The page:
Recently, a local high school was targeted by an out-of-state hate mail campaign because it chose to produce “The Most Fabulous Story Ever Told,” a gay and lesbian retelling of the Bible by Paul Rudnick. Protestors from various church groups promised to picket the performances. The story even made the Huffington Post.
It happened that the school producing the play was Pioneer Valley Performing Arts Charter Public High School, where both my children attended some years ago—a school known for its fabulous (reference intended) theater and dance departments. We’ve continued to attend many of the school’s performances even though my younger child is already a sophomore in college.
So of course, both to defend freedom of speech in the Pioneer Valley and to enjoy a night of theater we knew would be terrific, we attended. And we were gratified that in addition to the antigay protestors, a goodly multitude of pro-performance church groups were on hand to lend support.
The interesting thing is…if you accept the basic premise that gay and lesbian couples exist (and, in this play, were present at creation and right through modern times)—there’s almost nothing blasphemous in the play, which centers on Adam, through the ages, trying to find meaning in life. His questioning is very much rooted in the Old Testament tradition of prophets arguing with God. The whole alternate world is set in motion by a Stage Director (female, in this performance), which makes it clear from the get-go that this is an imaginary theatrical universe within the universe we all now, as opposed to any real redefinition of Biblical history. I found exactly one scene that fundamentalists might object to: 30 seconds out of a two-hour play that imply the Christ child was born of the play’s lesbian couple—and even this keeps the virgin birth intact.
Of course, the vast majority of those who protest this play wherever it is performed have never seen or read it. Fundamentalism, of any religion, leaves no window for dissenters and questioners.
By contrast, I just saw a 1999 movie called “Dogma,” a low-budget flick with a superstar cast (including very young Matt Damon and Ben Affleck as a pair of very foul-mouthed sin-avenging angels on a killing spree, George Carlin as a shady, street-tough Catholic Cardinal in New Jersey, Chris Rock as the delightful unknown 13th Apostle, and Salma Hayek as as a celestial being-turned-stripper). Early in the movie, we see Damon in an airport lounge, casting deep doubts about God’s existence into the mind of a confused Catholic nun. After she leaves, Affleck points out the irony that Damon’s character has known God directly.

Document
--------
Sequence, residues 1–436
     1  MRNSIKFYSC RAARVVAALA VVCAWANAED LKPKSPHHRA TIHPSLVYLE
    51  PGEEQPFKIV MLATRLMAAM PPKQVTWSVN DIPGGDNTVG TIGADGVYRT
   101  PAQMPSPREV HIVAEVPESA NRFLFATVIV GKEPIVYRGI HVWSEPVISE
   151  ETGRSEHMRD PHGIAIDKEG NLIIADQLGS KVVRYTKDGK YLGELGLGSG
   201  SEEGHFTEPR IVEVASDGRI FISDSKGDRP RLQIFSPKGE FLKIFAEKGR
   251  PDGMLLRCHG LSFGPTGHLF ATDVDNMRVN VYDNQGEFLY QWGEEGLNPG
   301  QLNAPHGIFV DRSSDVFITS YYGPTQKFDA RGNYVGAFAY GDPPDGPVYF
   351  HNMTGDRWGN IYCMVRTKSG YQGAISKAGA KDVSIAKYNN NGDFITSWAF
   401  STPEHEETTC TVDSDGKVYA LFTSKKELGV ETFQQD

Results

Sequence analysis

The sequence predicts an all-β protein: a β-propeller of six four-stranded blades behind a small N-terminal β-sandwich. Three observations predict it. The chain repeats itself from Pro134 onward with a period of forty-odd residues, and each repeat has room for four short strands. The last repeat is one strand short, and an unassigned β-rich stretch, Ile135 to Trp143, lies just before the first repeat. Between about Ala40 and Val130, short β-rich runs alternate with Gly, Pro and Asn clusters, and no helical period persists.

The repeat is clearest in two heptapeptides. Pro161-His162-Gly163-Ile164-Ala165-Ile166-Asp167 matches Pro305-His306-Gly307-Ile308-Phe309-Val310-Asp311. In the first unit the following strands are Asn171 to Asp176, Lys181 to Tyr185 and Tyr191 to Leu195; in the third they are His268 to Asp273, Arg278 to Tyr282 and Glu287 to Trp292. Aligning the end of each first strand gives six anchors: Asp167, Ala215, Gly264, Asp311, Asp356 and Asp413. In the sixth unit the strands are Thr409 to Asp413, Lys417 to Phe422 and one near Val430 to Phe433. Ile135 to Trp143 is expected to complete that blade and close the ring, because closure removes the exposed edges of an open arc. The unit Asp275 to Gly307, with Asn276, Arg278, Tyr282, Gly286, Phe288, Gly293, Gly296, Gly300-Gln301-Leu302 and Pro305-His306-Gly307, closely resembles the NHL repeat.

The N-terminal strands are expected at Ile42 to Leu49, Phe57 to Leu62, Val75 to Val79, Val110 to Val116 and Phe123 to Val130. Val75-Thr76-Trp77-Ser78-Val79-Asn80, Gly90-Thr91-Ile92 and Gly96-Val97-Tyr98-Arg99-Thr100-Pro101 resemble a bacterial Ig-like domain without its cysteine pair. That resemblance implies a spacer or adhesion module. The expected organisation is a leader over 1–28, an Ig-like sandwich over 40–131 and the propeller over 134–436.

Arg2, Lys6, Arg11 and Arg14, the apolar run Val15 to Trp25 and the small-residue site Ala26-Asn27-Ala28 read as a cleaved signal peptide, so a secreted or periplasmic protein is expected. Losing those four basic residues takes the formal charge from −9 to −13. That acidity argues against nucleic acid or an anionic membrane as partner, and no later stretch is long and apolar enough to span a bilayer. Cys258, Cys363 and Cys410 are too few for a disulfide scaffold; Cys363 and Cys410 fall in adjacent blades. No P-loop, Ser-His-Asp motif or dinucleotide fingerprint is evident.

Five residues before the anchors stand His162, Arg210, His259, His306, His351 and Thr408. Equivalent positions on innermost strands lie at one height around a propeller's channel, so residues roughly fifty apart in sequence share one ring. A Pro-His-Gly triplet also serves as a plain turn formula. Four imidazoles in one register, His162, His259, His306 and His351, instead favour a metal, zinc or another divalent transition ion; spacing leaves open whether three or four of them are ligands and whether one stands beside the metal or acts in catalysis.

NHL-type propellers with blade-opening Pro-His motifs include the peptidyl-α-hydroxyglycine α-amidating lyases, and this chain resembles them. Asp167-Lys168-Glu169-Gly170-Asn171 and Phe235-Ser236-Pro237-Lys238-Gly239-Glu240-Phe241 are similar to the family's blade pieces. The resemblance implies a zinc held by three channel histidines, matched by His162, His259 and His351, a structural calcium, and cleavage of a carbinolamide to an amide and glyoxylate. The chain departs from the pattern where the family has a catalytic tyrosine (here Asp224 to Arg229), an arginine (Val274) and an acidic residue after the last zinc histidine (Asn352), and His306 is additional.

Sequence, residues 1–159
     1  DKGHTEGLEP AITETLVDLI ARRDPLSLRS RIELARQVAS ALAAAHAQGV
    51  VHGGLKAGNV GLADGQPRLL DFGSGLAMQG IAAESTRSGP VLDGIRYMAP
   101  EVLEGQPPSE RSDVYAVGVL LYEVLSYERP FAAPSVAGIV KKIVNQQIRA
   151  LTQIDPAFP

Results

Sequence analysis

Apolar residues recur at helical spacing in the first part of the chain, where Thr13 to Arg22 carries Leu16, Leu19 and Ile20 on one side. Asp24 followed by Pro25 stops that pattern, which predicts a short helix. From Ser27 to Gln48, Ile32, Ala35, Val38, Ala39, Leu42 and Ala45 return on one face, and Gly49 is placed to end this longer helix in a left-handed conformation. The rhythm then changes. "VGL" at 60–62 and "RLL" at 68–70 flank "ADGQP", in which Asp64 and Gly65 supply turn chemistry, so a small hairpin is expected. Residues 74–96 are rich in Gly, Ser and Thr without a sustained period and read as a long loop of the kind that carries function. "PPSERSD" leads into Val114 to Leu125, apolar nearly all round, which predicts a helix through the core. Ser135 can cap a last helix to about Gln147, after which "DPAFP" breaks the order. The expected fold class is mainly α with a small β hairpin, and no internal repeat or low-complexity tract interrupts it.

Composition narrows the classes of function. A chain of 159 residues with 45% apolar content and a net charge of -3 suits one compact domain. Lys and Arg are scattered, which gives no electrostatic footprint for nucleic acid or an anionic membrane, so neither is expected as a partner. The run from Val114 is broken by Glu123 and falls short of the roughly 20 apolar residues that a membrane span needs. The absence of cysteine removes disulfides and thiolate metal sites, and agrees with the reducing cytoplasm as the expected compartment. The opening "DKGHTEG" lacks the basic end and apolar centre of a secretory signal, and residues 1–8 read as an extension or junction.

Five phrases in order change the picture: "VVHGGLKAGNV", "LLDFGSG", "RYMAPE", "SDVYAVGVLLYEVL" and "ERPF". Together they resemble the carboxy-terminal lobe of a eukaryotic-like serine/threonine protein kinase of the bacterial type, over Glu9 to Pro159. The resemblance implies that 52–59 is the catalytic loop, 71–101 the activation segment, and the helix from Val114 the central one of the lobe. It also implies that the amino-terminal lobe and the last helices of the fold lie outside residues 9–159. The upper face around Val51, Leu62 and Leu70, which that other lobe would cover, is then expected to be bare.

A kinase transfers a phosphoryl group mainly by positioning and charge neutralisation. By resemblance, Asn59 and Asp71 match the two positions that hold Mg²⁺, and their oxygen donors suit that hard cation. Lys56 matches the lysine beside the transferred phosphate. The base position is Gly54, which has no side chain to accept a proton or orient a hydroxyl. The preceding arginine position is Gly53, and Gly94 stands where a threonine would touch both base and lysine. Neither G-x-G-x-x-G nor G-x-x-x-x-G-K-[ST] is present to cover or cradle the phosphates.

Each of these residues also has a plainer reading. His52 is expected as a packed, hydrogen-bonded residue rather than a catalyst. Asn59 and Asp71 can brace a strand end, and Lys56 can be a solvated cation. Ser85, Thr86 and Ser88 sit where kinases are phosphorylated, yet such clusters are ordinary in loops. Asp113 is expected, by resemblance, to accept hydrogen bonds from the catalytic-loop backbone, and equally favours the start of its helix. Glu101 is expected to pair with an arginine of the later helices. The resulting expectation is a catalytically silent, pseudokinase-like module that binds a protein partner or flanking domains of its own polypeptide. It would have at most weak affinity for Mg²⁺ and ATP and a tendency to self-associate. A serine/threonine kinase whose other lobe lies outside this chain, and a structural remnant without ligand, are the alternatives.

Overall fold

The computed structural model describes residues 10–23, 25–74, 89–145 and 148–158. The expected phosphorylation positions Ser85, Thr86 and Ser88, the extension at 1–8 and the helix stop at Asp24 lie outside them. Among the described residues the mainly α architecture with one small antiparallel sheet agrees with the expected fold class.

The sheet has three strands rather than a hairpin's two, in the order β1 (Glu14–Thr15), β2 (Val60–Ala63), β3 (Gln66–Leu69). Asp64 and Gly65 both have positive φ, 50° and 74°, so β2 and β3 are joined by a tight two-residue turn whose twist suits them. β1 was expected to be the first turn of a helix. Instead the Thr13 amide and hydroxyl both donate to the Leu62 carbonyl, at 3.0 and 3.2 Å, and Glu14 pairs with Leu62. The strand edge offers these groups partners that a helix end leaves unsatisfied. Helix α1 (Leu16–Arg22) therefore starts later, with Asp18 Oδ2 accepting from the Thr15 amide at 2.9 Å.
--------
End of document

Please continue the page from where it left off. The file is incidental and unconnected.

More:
An angel who kills with an assault weapon is only one of the many blasphemies—not all of them violent. The reimaging of several different pieces of the Jesus story as well as the portrayal of God will no doubt raise a few eyebrows among the faithful. Hundreds of people die in this funny but very gory film.
Now this is a movie that many Christians and religious Jews would find blasphemous all the way through—if they can stop laughing long enough to reflect on it. And yet, I didn’t remember any protests around it!
But Google has a better memory than I do; there were protests, actually. In fact, Disney’s Michael Eisner cut the film loose from his empire, under pressure from the Catholic League. Not only that, but the film’s director, Kevin Smith, infiltrated one of the protests—what a brilliant publicity move! He wrote and spoke (quite humorously) about his experience on this page, which also includes a TV news report of the protest, where he got recognized and interviewed.
I can understand that a film about a couple of angels cursing and shooting their way through modern America would upset people. But what does it say about our culture that people also get upset about sincere and committed expression of same-sex love?